Worked 3rd shift, found out my shift ended. Can I get unemployment as dislocated employee if they offer another shift and I have commitments?

Q) I was working 3rd shift and just found out last night during my shift that they ended 3rd shift effective last night. Can I get unemployment as a dislocated employee even if they offer us to go to another shift? I have other commitments during the day that would keep me from going back to a day shift. I left the day shift and went to 3rds over 6 months ago.

A) If you were employed on third shift and your shift was eliminated, you may be eligible for unemployment benefits if you meet other eligibility criteria established by your state’s unemployment agency. Typically, eligibility for unemployment benefits is based on your earnings and your reason for separation from your job. In general, if you are unemployed through no fault of your own and are able and available to work, you may be eligible for unemployment benefits.

If your employer offers you another shift that conflicts with your commitments or is not suitable for you, you may be eligible for unemployment benefits as a dislocated worker. Dislocated worker benefits are intended to help workers who have lost their jobs as a result of a permanent closure of a business or a mass layoff, or who have been displaced from their jobs due to economic factors, such as a change in trade patterns or natural disasters.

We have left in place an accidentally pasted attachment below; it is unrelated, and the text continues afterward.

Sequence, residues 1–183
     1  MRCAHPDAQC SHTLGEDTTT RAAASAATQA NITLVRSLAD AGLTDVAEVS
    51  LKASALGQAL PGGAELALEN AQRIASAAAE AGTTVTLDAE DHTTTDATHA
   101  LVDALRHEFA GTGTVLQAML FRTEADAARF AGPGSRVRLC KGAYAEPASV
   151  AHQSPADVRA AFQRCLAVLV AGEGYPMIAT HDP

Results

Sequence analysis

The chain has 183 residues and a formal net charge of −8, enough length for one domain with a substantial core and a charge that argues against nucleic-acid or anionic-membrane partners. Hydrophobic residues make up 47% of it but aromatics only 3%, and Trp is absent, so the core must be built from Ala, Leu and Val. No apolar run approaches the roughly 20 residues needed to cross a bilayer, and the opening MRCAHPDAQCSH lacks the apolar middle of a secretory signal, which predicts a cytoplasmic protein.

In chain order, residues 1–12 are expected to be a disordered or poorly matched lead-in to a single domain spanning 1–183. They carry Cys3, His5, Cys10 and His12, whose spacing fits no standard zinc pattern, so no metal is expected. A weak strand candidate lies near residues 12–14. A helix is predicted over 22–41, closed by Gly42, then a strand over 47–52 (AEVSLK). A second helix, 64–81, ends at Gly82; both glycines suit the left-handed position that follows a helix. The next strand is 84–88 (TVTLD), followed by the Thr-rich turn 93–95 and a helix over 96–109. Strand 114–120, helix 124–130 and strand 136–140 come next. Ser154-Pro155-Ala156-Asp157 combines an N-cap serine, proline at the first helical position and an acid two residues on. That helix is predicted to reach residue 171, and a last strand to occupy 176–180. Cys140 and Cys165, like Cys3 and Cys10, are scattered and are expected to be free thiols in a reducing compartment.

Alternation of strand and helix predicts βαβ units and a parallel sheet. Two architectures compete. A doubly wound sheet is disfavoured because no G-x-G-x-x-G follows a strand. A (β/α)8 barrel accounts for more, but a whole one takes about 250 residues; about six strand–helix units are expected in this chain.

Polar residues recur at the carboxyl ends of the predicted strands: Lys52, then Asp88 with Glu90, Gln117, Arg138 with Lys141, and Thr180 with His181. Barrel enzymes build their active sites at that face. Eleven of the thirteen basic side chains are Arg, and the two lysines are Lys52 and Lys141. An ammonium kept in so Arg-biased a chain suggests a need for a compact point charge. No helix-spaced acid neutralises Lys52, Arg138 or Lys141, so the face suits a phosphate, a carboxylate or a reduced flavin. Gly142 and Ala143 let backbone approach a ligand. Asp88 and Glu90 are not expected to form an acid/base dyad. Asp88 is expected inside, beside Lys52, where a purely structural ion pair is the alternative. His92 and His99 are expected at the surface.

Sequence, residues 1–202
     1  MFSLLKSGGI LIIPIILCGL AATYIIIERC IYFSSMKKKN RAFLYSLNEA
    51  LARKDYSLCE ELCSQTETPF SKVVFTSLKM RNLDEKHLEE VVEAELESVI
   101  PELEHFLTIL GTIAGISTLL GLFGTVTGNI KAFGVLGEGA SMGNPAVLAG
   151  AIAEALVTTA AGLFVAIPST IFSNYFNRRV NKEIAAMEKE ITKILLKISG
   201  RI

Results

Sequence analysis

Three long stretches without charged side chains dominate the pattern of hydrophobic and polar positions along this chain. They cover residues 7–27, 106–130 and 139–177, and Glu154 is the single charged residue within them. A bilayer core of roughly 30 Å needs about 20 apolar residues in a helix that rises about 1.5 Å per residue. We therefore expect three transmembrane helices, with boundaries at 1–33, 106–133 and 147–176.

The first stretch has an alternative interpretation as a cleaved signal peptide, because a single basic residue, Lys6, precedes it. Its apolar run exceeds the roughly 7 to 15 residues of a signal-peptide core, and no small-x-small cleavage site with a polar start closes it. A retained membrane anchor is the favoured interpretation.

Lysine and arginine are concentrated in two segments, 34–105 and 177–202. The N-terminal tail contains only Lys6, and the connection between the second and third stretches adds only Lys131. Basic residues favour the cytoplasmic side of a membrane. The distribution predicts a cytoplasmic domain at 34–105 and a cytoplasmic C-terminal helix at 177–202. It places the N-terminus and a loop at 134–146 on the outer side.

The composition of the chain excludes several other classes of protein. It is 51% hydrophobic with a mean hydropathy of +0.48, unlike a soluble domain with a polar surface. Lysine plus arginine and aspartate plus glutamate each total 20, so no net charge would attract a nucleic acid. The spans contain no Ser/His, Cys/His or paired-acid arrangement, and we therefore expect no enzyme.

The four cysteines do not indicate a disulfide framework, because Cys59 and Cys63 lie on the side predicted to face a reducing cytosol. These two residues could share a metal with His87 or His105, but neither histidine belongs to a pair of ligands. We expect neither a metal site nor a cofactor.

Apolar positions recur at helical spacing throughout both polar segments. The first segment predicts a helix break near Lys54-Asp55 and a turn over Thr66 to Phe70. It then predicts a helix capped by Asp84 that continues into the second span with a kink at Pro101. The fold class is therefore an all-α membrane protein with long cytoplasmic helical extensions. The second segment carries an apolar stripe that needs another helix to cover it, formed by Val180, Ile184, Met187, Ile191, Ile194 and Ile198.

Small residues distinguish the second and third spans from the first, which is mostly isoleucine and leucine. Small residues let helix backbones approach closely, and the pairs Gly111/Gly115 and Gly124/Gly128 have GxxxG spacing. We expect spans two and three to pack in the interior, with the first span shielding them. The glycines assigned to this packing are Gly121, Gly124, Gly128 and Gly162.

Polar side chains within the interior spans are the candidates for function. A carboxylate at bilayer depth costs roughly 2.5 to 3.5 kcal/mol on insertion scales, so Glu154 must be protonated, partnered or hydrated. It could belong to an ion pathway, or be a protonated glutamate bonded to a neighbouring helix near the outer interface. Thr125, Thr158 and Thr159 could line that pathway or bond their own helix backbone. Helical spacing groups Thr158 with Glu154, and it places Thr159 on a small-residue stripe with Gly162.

To determine your eligibility for unemployment benefits, you should contact your state’s unemployment agency and provide them with the details of your situation. They will evaluate your eligibility and provide you with information on how to apply for benefits.

You will not be able to claim unemployment benefits if the company offered you a replacement job. If you are offered another job on a different shift and the job being offered is considered “suitable employment.” you cannot claim unemployment even though the hours conflict with your personal commitments. A job with overly demanding physical requirements or too low of a wage (as compared to your physical condition or previous job experience) likely would not be considered suitable. A job that is just slightly less desirable than what you would like, or one that requires a somewhat longer commute – In those situations, you may have to either accept the offer, or go without unemployment benefits.

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